Nuremberg Recommendations
Methodology and pedagogic principles

During early foreign language learning the child should be approached holistically and with due regard for his or her fundamental needs. Phases of intensive work on the new language and culture should be interspersed with ‘rest’ phases giving space for reflection and for development of powers of concentration as well as for the satisfaction of the child’s motoric needs. 

The principles listed below involve factors that govern the course of classroom teaching, and to this extent reprise aspects of the preceding chapters. These principles – considered individually – are all of equal importance in determining the success of an early start in foreign languages.
  • Learning must be centred on the child.
  • Early years practitioners and school teachers must know and take account of the children’s individual physical and sensory learning needs, thereby ensuring that benefit accrues from the foreign language programme to the child’s emotional, social and motoric competences.
  • Goals, topics, content and learning types should be defined in such a way as to have relevance to the child’s life horizons and experience. They should have a straightforward meaning and application in the child’s everyday world.
  • As appropriate in the light of the child’s developmental stage, heard and spoken language is the principal learning focus, especially in the initial phases.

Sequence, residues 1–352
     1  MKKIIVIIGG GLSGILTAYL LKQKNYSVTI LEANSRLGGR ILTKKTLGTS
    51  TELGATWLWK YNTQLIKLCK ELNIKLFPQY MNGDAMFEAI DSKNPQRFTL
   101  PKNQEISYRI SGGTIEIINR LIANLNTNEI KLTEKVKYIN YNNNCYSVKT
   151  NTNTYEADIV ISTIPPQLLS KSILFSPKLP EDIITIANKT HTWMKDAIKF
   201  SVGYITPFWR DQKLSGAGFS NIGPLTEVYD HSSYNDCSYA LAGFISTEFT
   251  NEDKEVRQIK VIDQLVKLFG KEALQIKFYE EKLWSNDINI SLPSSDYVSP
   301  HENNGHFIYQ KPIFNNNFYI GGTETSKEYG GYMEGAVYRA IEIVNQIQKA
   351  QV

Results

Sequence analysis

• In pre-school and in the early years of primary school, reading and writing should be introduced on a phased basis and little by little. Reception takes precedence over production, understanding over speaking, speaking over writing. There should be no attempt – or as little as possible – to make children aware of structures.
  • Language proficiency should be built up in a spiral progression.
  • Concepts that associate language learning closely with the transmission of content will permit greater openness in the types of teaching used, e.g. cross-subject learning.
  • Children should make allowance for the levels of individual progress within a group and develop mutual respect.
  • In the teaching process, children should have a voice in the setting of tasks.
  • Within the group they should support each other during communication.
  • The learning processes of young learners of foreign languages should be play- and action-oriented.
  • Rules and relationships should be recognised by the learners in examples, imitated and in some circumstances independently discovered (inductive or discovery learning).
  • During all phases of teaching, the maximum possible number of different learning channels should be utilised so as to offer each learning type the optimal framework (multisensory/holistic learning by hearing, seeing, touching, smelling, reading, moving, speaking, writing, drawing).
  • Learning processes should be facilitated by means of examples and illustrations; in task-setting, preferential setting of small-step and internally discriminating tasks supports the understanding-and-applying process.
  • Frequent changes of social format (independent work, partner work, small-group and large-group work) and of teaching type (‘workstation learning’, learning scenarios, project work) ensures variety, thus keeping up interest and concentration.
  • Differing methodologies (Total Physical Response, Narrative Approach method or similar) should be applied according to goals and content, and – when the learning situation permits – combined with one another.